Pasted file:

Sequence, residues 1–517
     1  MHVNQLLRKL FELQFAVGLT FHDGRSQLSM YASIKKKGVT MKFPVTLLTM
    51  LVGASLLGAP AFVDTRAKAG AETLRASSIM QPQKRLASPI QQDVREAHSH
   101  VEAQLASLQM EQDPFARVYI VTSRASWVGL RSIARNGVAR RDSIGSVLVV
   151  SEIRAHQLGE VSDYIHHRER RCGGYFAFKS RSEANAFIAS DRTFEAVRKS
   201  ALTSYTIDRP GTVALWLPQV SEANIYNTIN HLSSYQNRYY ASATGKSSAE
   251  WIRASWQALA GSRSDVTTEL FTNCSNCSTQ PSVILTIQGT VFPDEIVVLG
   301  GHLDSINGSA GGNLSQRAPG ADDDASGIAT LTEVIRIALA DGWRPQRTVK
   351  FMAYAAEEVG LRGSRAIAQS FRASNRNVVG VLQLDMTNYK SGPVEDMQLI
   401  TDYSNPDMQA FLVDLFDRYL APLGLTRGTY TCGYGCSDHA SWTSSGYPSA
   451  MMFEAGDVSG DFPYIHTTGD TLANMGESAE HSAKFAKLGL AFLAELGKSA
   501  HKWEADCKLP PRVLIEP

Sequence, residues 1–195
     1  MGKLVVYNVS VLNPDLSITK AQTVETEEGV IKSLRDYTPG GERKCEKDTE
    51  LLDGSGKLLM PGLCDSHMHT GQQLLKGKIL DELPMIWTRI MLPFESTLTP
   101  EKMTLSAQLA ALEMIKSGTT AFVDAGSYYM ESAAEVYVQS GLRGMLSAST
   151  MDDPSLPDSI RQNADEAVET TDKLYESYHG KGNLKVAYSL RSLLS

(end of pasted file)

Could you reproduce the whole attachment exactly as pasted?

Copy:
Sequence, residues 1–517
     1  MHVNQLLRKL FELQFAVGLT FHDGRSQLSM YASIKKKGVT MKFPVTLLTM
    51  LVGASLLGAP AFVDTRAKAG AETLRASSIM QPQKRLASPI QQDVREAHSH
   101  VEAQLASLQM EQDPFARVYI VTSRASWVGL RSIARNGVAR RDSIGSVLVV
   151  SEIRAHQLGE VSDYIHHRER RCGGYFAFKS RSEANAFIAS DRTFEAVRKS
   201  ALTSYTIDRP GTVALWLPQV SEANIYNTIN HLSSYQNRYY ASATGKSSAE
   251  WIRASWQALA GSRSDVTTEL FTNCSNCSTQ PSVILTIQGT VFPDEIVVLG
   301  GHLDSINGSA GGNLSQRAPG ADDDASGIAT LTEVIRIALA DGWRPQRTVK
   351  FMAYAAEEVG LRGSRAIAQS FRASNRNVVG VLQLDMTNYK SGPVEDMQLI
   401  TDYSNPDMQA FLVDLFDRYL APLGLTRGTY TCGYGCSDHA SWTSSGYPSA
   451  MMFEAGDVSG DFPYIHTTGD TLANMGESAE HSAKFAKLGL AFLAELGKSA
   501  HKWEADCKLP PRVLIEP

Sequence, residues 1–195
     1  MGKLVVYNVS VLNPDLSITK AQTVETEEGV IKSLRDYTPG GERKCEKDTE
    51  LLDGSGKLLM PGLCDSHMHT GQQLLKGKIL DELPMIWTRI MLPFESTLTP
   101  EKMTLSAQLA ALEMIKSGTT AFVDAGSYYM ESAAEVYVQS GLRGMLSAST
   151  MDDPSLPDSI RQNADEAVET TDKLYESYHG KGNLKVAYSL RSLLS